Striking gold in waste matter

Kamal Al Haj (KA), General Manager at Sudamin

Kamal Al Haj (KA), General Manager at Sudamin, explains how part of the company’s work is to extract gold from waste material left behind by artisanal miners, while removing its dangerous mercury content




LE: What are your priorities at Sudamin, in terms of attracting investors and helping the mining sector grow?

KA: Sudamin provides services to companies in the mining field, such as transportation of mineral ore and materials such as the chemicals that are used in extraction and processing. In general, Sudamin provides companies with all the support services they require, from catering and camping to transport. In the recent years, we have also been contracted for services in the field, such as digging or onsite transport. Because of the support we give to other companies in the mining sector, Sudamin plays a vital role for the success of the entire industry in Sudan.
Apart from providing services to other companies, Sudamin itself works in the field of extracting gold from tailings (waste material derived from mining). As you know, there is still a lot of artisanal mining carried out in Sudan. Artisanal miners extract the gold by using mercury, which leaves about 70% of the gold inside the ore. We buy the ore from the traditional miners, and at our factory we use technology to extract the remaining gold.
In addition, we remove the mercury that was used by the traditional miners. This is important because it stops the negative impact of the mercury on the environment in Sudan. We have two factories for this purpose in the area of Abu Hamad and we process approximately 500 tonnes of ore a day, from which we extract about 2kg of gold. We are not focused on extracting gold, but on removing the danger from the mercury that is used in traditional mining. In the future, we will be looking into the possibility of building another factory for extracting mercury, in the south of Sudan.

LE: By 2031, Africa will be the third largest investment destination for mining. What are you doing to convince international investors to come to Sudan and partner with Sudamin?

KA: Africa, and Sudan in particular, has great potential in mining. South Africa currently is the most attractive mining destination in Africa, being the largest gold exporter on the continent. Sudan can easily compete with South Africa, based on our mineral reserves. We are currently the third largest gold exporter in Africa, and are looking to become number two in the near future. So we have to make sure that companies find their way to Sudan and to our company, to invest and help develop it.
We promote ourselves by using different media. It’s very important to promote your country and the opportunities in mining or other sectors that are interesting to investors. We distribute our information and marketing material in the embassies of Sudan worldwide, and we use their offices to connect to investors and convey our message.
Besides having our pamphlets and folders at the embassies of Sudan around the world, we contribute to international magazines, which I think is very important. For the mining sector, international fairs and conferences are also a good way to connect with investors; that’s why we are always present at these events. Another method of promoting yourself is to directly approach the companies you want as a partner. When we approach them, we invite them to visit Sudan, so they can view the projects and see the potential for themselves. The Ministry of Investment helps us to arrange these visits, which create good opportunities for us to find the right partners. I think this is the way to break through, to get to the world and show them the real potential of Sudan.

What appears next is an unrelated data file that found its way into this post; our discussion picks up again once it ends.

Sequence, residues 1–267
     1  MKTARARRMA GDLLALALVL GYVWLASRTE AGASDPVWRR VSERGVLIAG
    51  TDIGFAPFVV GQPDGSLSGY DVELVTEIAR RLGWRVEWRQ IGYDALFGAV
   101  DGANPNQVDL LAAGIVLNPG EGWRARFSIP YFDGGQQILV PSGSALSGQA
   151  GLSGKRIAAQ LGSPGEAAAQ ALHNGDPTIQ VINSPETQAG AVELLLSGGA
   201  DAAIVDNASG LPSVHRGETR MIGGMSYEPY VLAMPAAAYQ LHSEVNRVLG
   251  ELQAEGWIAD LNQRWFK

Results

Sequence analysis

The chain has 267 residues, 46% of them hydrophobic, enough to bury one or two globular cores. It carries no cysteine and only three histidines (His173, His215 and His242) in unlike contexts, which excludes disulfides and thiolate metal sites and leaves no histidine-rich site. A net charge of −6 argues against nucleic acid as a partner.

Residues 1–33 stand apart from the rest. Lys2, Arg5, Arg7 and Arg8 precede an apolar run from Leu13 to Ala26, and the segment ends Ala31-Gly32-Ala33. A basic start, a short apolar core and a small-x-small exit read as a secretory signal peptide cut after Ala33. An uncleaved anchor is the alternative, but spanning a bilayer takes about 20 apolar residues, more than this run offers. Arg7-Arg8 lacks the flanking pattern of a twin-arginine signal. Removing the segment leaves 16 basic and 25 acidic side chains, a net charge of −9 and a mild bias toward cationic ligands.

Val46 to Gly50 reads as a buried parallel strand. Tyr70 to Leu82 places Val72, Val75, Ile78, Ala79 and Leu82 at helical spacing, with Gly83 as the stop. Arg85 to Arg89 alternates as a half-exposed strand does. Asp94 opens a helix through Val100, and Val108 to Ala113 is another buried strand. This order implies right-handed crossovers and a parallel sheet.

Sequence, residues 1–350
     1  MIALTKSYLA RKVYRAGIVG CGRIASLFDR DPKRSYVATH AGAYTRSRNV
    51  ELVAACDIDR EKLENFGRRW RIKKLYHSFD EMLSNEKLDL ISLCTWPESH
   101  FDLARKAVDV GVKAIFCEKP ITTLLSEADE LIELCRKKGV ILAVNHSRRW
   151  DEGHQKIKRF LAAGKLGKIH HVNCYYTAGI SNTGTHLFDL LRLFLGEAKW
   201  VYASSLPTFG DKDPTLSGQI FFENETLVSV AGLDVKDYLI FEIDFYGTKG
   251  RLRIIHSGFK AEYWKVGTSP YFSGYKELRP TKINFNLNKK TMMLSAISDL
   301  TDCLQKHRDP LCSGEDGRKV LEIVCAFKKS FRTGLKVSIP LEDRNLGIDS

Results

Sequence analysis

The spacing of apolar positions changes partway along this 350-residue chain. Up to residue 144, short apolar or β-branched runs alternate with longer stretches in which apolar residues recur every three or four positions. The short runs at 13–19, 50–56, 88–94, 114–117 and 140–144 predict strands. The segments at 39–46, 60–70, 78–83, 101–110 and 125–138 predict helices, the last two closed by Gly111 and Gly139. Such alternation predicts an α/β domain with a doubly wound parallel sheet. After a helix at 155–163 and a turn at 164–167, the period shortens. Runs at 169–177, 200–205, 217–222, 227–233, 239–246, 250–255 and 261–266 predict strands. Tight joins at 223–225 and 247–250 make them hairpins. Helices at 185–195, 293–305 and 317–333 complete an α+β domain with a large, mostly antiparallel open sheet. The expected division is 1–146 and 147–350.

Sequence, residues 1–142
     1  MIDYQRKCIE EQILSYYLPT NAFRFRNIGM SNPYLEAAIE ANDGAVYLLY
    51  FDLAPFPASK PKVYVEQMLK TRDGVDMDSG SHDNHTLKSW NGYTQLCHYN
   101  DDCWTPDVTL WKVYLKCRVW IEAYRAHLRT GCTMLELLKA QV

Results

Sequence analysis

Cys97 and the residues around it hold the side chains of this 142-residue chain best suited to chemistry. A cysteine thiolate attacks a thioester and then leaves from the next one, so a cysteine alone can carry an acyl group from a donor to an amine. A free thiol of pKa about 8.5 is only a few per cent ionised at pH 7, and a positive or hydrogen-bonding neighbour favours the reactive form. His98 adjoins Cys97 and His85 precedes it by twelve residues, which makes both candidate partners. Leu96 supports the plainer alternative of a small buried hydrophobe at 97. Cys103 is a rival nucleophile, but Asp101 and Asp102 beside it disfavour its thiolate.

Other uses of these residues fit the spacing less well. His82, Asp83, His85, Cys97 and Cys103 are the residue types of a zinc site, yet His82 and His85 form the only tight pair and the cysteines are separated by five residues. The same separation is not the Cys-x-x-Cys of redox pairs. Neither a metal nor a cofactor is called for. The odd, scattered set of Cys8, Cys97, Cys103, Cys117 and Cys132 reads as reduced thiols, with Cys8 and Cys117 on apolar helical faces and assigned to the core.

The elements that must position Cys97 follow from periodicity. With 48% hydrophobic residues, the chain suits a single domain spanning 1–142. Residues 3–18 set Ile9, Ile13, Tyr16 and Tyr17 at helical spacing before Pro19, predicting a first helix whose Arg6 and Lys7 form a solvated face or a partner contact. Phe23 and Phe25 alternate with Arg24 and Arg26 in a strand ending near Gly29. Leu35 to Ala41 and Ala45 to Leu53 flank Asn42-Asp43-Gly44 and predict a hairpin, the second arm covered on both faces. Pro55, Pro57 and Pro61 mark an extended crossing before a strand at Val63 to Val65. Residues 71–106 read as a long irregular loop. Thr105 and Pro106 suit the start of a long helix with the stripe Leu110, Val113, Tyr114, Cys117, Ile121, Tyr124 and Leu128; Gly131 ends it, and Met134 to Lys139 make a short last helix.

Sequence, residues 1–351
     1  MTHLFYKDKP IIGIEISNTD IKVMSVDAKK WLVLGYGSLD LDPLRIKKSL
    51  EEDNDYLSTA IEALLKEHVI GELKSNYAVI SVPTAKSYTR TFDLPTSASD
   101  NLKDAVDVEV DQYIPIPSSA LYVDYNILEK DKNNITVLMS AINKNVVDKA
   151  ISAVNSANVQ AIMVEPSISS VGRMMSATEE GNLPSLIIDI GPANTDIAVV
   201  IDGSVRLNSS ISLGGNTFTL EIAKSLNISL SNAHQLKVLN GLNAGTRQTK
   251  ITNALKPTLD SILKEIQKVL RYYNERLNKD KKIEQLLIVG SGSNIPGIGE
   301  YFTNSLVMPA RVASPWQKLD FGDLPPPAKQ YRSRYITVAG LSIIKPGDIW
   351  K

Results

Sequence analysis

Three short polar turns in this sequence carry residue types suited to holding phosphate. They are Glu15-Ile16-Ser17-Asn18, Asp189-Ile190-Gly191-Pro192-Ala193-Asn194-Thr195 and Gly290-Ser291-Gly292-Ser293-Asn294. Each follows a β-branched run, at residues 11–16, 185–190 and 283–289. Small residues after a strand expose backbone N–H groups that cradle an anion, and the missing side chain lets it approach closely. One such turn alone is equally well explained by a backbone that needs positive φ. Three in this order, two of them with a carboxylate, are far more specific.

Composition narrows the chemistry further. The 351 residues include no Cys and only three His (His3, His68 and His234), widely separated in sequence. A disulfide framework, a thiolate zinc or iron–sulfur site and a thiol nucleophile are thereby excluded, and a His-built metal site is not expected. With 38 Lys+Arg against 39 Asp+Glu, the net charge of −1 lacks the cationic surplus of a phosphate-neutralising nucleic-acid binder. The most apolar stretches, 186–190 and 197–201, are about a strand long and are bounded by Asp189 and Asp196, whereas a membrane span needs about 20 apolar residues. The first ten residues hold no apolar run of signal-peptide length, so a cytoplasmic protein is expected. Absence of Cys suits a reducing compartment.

LE: In the past, China used Sudan to start their investments in the oil sector in Africa. Now they are looking at other sectors as well. How interested are you in finding Chinese partners for Sudamin?

KA: I think the Chinese know the potential of Sudan very well, since they entered Africa through Sudan. We have now been partners for many years and the Chinese government knows what opportunities we have to offer them.
Before the secession of South Sudan, when we were one country, the Chinese were working with Sudan to extract oil. Both countries have heavily invested in developing good relations and maintaining the partnership. We currently have good bilateral relations and we are always happy to have new investments from the Chinese. They have a lot of experience in mining and are looking for more opportunities here to invest.
Mining activity in China is currently at a standstill, so they are specifically looking to enter the mining sector in Sudan and continue to make use of their expertise. We have invited many Chinese companies to come here and see for themselves.
I also think the infrastructure in Sudan, such as electricity, water supply and roads, is good. There are a lot of skilled workers available. After they receive training, the local people can help to develop your business and ensure a good return on your investment.

LE: What makes you most proud to be Sudanese?

KA: The most important thing is the peaceful atmosphere here in Sudan. The Sudanese people make the difference; they are welcoming and kind by nature. In the surrounding countries, you find problems and violence, but here in Sudan, people do not use violence to settle a dispute. We appreciate foreigners who come here and we help them in whatever way we can. Currently, Sudan is politically and economically very stable. Although this is not portayed by the international media, we are respectful towards all foreigners, wherever they come from and whatever religion they practise.
So we invite investors to come to Sudan and explore the opportunities. After the first visit, they’ll fall in love with the country and won’t want to leave.